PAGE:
🔬 Research summary by Connor Wright, our Partnerships Manager.
[Original paper by Olivia Gambelin]
Overview: The position of AI Ethicist is a recent arrival to the corporate scene, with one of its key novelties being the importance of bravery. Whether taken seriously or treated as a PR stunt, alongside the need to decipher right or wrong is the ability to be brave.
The position of AI Ethicist is a recent arrival to the corporate scene. Tasked with ethical evaluations of AI systems, there may be times that the role feels lonely. Potentially being the only objector to the deployment of an AI product which could earn your company a healthy profit, no matter how sure you are, is a scary thought. Hence, it is important to note that the AI Ethicist’s role requires bravery. Yet, the AI Ethicist is not the only agent operating in the Ethical AI space.
AI Ethics is not just for the AI Ethicist
An important distinction is how an AI Ethicist is not the only one who engages in AI Ethics. With AI stretching into multiple walks of life and business practices, a sole AI ethicist would not be able to capture the different perspectives needed to consider. Hence, technologists, data scientists, lawyers, and the public form part of the field’s multidisciplinary nature. Different backgrounds are more suited to identifying different types of ethical risks. Be it a lawyer identifying a tricky definition used in describing an AI system, or a public member bringing up their view of how it would affect their lives.
To illustrate more clearly, an example involving autonomous vehicles fits. While an Ethicist can comment on the traditional Trolley Problem, data engineers must also understand how to incorporate its thinking into hard code. Not only that, but consultation with the broader public can help understand the broader requirements these vehicles are meant to fill, especially with the older population. All in all, just because the AI Ethicist’s job title is closest semantically to AI Ethics doesn’t mean it’s the sole actor in the space.
The role of an AI Ethicist
Nevertheless, an AI Ethicist still has a role to fill within the field. The job includes potentially being the only member of a team to veto an AI product that could earn your company a healthy profit. Whilst other team members could be “silenced by a profit margin”, an AI Ethicist is expected to draw on moral principles to help decipher what is right and wrong within an AI context before applying their deduction to concrete examples. The application then needs to be presented in an empathetic manner not to receive defensive responses.
It is also the AI Ethicist’s responsibility to maintain objectivity in ethically charged situations within this process. As a result, the Ethicist may become the default General of assigning responsibility when consulted on the location of potential ethical faults in an AI product. To do this effectively, proficiency in the design, development and deployment of the AI system at hand is paramount. This does not mean that the ethicist must be fluent in every ethical system in existence, but how they must be fluent in their industrial context.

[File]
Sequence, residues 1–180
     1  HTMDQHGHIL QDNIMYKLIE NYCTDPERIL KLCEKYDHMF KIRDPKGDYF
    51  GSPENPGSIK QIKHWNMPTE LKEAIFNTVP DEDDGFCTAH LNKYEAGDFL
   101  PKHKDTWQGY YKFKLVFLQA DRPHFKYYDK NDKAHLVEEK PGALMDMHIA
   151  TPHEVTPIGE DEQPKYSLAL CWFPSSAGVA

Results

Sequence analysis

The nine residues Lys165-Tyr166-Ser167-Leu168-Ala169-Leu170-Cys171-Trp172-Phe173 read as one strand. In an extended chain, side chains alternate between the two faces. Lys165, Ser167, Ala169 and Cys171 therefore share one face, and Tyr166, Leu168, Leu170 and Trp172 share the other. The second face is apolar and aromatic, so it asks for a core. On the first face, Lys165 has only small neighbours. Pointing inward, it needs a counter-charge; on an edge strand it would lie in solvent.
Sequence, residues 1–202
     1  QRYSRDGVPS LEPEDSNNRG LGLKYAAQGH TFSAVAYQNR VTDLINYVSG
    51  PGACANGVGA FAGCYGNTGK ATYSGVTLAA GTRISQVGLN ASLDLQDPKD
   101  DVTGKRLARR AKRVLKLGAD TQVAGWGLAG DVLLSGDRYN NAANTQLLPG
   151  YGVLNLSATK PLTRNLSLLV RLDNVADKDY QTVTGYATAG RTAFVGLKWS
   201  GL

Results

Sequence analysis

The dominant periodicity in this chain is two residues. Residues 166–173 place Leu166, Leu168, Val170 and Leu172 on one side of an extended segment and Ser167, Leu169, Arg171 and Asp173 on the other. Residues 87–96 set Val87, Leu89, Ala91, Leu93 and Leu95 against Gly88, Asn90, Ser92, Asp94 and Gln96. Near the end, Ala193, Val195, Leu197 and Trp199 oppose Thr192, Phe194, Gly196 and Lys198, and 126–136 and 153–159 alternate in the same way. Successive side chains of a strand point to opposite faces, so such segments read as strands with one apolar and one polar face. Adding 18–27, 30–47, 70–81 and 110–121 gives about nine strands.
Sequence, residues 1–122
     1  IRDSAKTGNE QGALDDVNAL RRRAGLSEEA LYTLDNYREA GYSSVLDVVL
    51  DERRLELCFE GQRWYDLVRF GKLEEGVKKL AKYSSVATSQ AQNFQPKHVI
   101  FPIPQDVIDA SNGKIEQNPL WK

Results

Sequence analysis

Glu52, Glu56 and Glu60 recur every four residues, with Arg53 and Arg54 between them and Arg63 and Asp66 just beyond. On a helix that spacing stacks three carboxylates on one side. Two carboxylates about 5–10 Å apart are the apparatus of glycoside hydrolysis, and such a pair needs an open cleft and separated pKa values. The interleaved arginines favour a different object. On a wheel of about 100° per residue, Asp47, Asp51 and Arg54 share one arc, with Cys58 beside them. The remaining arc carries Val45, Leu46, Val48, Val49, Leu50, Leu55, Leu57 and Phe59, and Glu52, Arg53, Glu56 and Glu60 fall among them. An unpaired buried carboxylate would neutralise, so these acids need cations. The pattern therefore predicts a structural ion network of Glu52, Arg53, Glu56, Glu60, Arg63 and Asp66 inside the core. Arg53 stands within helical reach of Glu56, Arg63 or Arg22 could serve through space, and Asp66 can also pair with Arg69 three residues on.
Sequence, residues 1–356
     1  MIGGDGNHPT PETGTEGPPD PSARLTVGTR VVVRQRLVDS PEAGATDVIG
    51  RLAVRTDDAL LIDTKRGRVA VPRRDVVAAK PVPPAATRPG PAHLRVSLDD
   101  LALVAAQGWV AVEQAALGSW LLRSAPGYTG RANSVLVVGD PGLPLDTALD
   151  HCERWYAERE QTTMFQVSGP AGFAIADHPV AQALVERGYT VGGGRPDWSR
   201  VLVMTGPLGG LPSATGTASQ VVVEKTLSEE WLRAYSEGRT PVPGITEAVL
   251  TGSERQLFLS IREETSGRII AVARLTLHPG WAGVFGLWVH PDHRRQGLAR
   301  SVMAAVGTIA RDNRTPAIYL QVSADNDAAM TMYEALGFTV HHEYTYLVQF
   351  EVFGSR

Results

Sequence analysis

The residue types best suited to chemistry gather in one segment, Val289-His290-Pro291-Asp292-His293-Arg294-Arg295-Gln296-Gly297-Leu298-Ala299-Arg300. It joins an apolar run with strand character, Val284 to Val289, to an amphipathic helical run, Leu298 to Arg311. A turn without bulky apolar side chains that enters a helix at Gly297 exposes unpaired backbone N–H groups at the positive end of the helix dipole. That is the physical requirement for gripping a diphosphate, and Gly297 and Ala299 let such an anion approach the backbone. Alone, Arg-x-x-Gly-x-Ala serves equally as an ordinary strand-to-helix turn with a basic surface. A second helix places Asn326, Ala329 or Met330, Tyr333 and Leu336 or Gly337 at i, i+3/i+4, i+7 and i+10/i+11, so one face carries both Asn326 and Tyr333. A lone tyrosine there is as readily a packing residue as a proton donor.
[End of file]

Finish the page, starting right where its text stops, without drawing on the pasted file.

Part of understanding the context lies in recognising both the logical and illogical inputs present in making a decision. There is no point in simply appealing to logic when trying to explain an illogical decision made, making the quality of awareness of an AI Ethicist a vital tool. One such example could be how IBM released their facial recognition technology despite the bias problems that resulted. Here, it doesn’t help to ask ‘why did they release a harmful product?’ but rather examine other factors in the decision. There could’ve been a lack of information about the potential for bias, or internal company pressure to release the product. It is not the AI Ethicist’s job to excuse any form of industry behaviour, but to be sensitive to non-logical factors.
All of this requires bravery.
Why bravery is needed
An AI Ethicist is to be prepared to walk into a room where they only disagree with an AI proposal. This also means that the AI Ethicist becomes the focal point of responsibility when discussing ethical decisions and may be used as a scapegoat should the product not be launched. Cases may arise where a moratorium results, placing the blame more on society ‘not being ready’ rather than an AI Ethicist being difficult.
However, policies that result from a moratorium aren’t guaranteed to be water-tight. Some procedures could potentially only command the bare minimum for a compliant AI product yet still leave room for an AI Ethicist to give a red light. It could be that a company keeps the raw data for an AI system private to external parties in one national context (as mandated by the law) but doesn’t do so in a different space. So, while technically being compliant, an AI Ethicist may still need to step in to encourage against damaging the company’s reputation. To do so, requires bravery.
Between the lines
With the AI Ethicist position becoming more and more prominent, certain qualities are required to prevent it from becoming a marketing stunt. The paper claims that bravery is one of them, and I wholeheartedly agree. One thing that I believe can help is, as mentioned in my last research summary, being more than one AI Ethicist involved. Instead, boasting of AI Ethicists disseminated throughout the company will allow ethical problems to be picked up and talked about far quicker. Nevertheless, every one of these positions, no matter how many there are, will require bravery.